Saturday, May 25, 2013
What is this Passat Commercial good for? Absolutely Nothing.
In 1970, the United States was in it's fifth full year of combat in Vietnam- more than 35,000 young Americans were dead, thousands more permanently injured, having been torn away from the most prosperous nation on Earth to fight in a jungle on the other side of the planet against an ideology few understood and fewer still thought fit to explain to them. They left behind Moms and Dads and Sweethearts and while many came back with their bodies intact, none returned without internal scars they would carry for the rest of their lives.
The evolution in American attitudes toward Vietnam can be traced through popular music, so often a useful window into the soul of a nation. In 1965, Sergeant Barry Sadler's Ballad of the Green Berets made the Top Ten on the American Singles Chart. It told the story of a dedicated military man who gladly gave his life "for those oppressed" and who left behind a final wish for his son- that he grow up to become a soldier, just like Dear Old Dad. It fit the "lets go get 'em and beat 'em like we always have before" mentality that dominated in the first year of Boots on the Ground. America to the rescue- the Vietcong could harass the South Vietnamese army, but once WE showed up, it was going to be Game Over.
Nine years later, the United States had withdrawn from Vietnam, which was only months away from ending a nearly thirty-year Civil War and becoming unified under Northern-Communist-rule. After a final tally of 57,000 dead and more than a quarter-million wounded, not to mention an immense waste of money and energy which sucked the life out of Lyndon Johnnson's Great Society dreams- many Americans were beginning a re-assessment of our misguided adventure in Southeast Asia which continues to this day. Reaching the Top Forty on the billboard charts was a song called Billy Don't Be a Hero by Paper Lace (much better known for the atrocious The Night Chicago Died.) Billy, in stark contrast to Sadler's Green Berets, reveals a deep level of cynicism concerning the concept of "heroic sacrifice"- when the title character is killed, a letter to his fiance praises his actions on the field of battle and assures her that "she should be proud he died that way." Her response is to throw the letter away. My guess is that if she went on to have a child, she wouldn't be raising him to be a Green Beret. Just a hunch.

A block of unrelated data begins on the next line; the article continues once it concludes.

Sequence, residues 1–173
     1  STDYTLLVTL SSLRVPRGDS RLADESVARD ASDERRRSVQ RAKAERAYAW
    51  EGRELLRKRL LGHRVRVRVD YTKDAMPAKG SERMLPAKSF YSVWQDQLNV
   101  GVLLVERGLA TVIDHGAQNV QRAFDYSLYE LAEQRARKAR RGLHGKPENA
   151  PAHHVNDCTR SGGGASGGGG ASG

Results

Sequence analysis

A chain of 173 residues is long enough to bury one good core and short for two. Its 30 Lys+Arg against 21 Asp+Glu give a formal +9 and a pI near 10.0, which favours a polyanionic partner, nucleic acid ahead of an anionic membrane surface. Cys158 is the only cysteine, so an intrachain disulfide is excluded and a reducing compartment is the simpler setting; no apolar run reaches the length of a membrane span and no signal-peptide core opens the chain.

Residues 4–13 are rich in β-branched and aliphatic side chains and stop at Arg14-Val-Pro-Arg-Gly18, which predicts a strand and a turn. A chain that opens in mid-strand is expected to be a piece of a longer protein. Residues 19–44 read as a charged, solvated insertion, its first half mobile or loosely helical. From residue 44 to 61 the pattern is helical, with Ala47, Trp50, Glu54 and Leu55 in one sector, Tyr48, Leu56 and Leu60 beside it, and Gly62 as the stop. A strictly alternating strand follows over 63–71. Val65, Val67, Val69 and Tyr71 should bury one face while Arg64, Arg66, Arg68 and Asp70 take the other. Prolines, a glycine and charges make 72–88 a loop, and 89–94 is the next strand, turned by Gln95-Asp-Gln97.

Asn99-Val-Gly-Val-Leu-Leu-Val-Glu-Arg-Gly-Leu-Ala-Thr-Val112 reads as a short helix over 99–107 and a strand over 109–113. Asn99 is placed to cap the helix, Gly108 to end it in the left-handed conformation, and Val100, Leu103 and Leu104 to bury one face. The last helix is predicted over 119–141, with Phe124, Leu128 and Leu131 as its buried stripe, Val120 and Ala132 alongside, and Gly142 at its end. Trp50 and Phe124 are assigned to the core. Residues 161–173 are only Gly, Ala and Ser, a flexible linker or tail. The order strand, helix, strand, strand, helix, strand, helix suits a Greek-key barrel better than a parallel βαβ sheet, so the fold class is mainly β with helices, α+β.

In 1970, Richard Nixon had taken over from LBJ in the management of the Vietnam quagmire and was in the process of expanding military operations into Cambodia and Laos, not to mention intensifying the bombing of North Vietnam and Communist-held portions of the South. He was also proceeding with the implementation of "Vietnamization," turning the responsibility for fighting the Vietnamese Communists over to the South Vietnamese Army and scaling down the use of the draft here in the US. And it was in this year that Emerson, Lake and Palmer gave us Lucky Man, the somber tale of-- well, a Lucky Man who has it all- wealth, looks, health, and the respect and love of all who know him- but who goes off to war, takes a bullet, and bleeds to death on some unnamed battlefield. At it's essence, it's a song about the unforgivable waste that is war.
Except that now, in 2013, the Suits have decided enough time has passed (and we kill with Drones instead of putting our own people on the front line now anyway, much cleaner that way) that they can get away with using a somber ballad about pointless loss in a commercial about a piece of Eurotrash with a beautiful wife and child who gets his Volkswagen crumpled in an accident he walks away from unharmed.
Which means that in this commercial, Lucky Man is played for laughs.
Which means that now, in 2013, Volkswagen has decided that there's simply no such thing as being too shallow, too callow, or too utterly lacking in taste or respect. Or that they are still bitter we didn't care for "Punch Dub Days," and are going to make us pay. Hard.
Hey, Everyone In America Over the Age of Forty- remember how angry you were when Revolution was used to sell sneakers? This is a hundred thousand times worse. This is Boycott-Inspiring bad. All I'm left with is the hope that Emerson, Lake and Palmer lost control of this song years ago and Volkswagen snatched it out of the public domain or some vampire third-party which bought the rights and soullessly resold it to everyone's favorite German auto maker. But either way...ugh, this is so. Damned. Sad.